It’s that time of year again!

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That time when my focus on spiritual matter perks up. When I think about the dark time and how that affects me.

Over a decade ago, my interest in alternative spiritual views brought me to community of women. I was in my mid-twenties, and I’d been exploring these views on my own previously. But doing so in community? With like-minded people? It was a game changer.

I learned a great deal from these women. And I learned a great deal about myself. That will be a topic for another day.

As time progressed, my perspective changed. As it does. I found myself changing position on the pendulum of importance between feminine and masculine. My anatomy no longer ruled how I saw the divine. I participated in groups with women and men, met queer folk who saw their gods as such, attended a conference session on gender neutral language in paganism. These things all broadened my horizons.

This year, I have been walking beside my friend as they speak out about their gender identity and navigate how they want to express it. And how they wish others to acknowledge it.

With my past questions about the nature of divinity/deity, my friend’s experience is turning my mind toward the mythos of the wheel of the year, of our gods, etc. How would one rewrite the story of Maiden/Mother/Crone/Holly King/Oak King? Better folk than I have surely developed such things. I will try my own version. But I would like to explore where others have gone ahead of me.

I told my friend about these thoughts, and they asked ‘are you feeling more neutral-ish lately?’ It was a text conversation so not a good medium for weighty discussion. Hence this more thorough examination and excavation of the concepts lurking in my minds. (I’m always of two or more minds, I should just continue with the plural from now on. 🙂 )

The idea of genderless/gender neutral deity has been lurking in my minds for a while. It is how I have been thinking of them when not confronted by specific images or names (like Himself by Brian Froud) I have not called on the feminine exclusively for a while.

But in my daily life? I am unmistakably a woman on the outside. I mostly wear plain pants, only tending to wear skirts in warmer weather. However, on the inside, I have been having more ‘unwoman’ days. That is the word to describe it at the moment. I am just a person, neither my sex nor my gender being the primary defining characteristic of who I am.

I am not confused about my gender identity. But I think I am definitely entering a new, more fluid stage/state. As a child and young adult, I hated wearing pink and/or dresses and skirts. (In hindsight, I believe it was due more so to the requirement of panty hose. That clothing item is a torture tool and should be abolished. Also, it’s really only fun to wear when it fits properly and you have someone to flirt with. Not suitable for children!) I wore oversized shirts and sweaters, often ‘mens’ or unisex. Being one of the tallest kids/girls in elementary school, and then also being one of the first to develop breasts might have something to do with that. Then as I matured and tried new things, I liked dresses. I was able to enter into my feminine power.

But I think I am swinging on the pendulum again – I don’t need to make a show of my femininity. It’s what’s inside that matters. I think the current excavation is also about how to be a friend and ally. This work of making the world a more inclusive place has been going on for decades. But it is personal and relevant to me now. Because of my friend, and hopefully because of my ever-expanding world view.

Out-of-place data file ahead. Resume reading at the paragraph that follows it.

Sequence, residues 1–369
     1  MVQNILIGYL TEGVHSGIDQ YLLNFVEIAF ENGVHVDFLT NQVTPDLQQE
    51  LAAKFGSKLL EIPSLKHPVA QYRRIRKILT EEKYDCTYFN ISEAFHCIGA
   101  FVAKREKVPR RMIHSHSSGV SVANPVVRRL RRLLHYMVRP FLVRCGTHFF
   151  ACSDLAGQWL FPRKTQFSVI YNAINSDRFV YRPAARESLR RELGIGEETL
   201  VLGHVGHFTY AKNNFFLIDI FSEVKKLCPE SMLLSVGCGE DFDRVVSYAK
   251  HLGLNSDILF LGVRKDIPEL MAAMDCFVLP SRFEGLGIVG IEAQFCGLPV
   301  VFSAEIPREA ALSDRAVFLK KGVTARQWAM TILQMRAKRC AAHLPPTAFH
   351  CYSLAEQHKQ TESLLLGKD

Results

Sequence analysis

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Solstice Poems

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Great Nights Returning
It’s a while since I’ve revisited the magnificent poem below by Vernon Watkins. I was moved to do so by the frosty nights we have been having and the array of stars on display. Looking up at the stars in the clear sky the other night, in one of those synchronous moments where an event links with a memory, I just thought I had to come into the house and read the poem. It seems perfect for the Winter Solstice.

Portrait of Vernon Watkins by Alfred Janes

Great nights returning, midnight’s constellations
Gather from groundfrost that unnatural brilliance.
Night now transfigures, walking in the starred ways,
Tears for the living.

Earth now takes back the secret of her changes.
All the wood’s dropped leaves listen to your footfall.
Night has no tears, no sound among the branches;
Stopped is the swift stream.

Spirits were joined when hazel leaves were falling.
Then the stream hurrying told of separation.
This is the fires’ world, and the voice of Autumn
Stilled by the death-wand.

Under your heels the icy breath of Winter
Hardens all roots. The Leonids are flying.
Now the crisp stars, the circle of beginning;
Death, birth, united.

Nothing declines here. Energy is fire-born.
Twigs catch like stars or serve for your divining.
Lean down and hear the subterranean water
Crossed by the quick dead.

Now the soul knows the fire that first composed it
Sinks not with time but is renewed hereafter.
Death cannot steal the light which love has kindled
Nor the years change it.

http://hills-chronicle.blogspot.com/2009/12/great-nights-returning.html

Solstice Blessings

12:17 pm
Know Thyself

There is no longest night, no waning dark,
The sun combusts always, somewhere in sky.
This planet, like our hearts, doth axis mark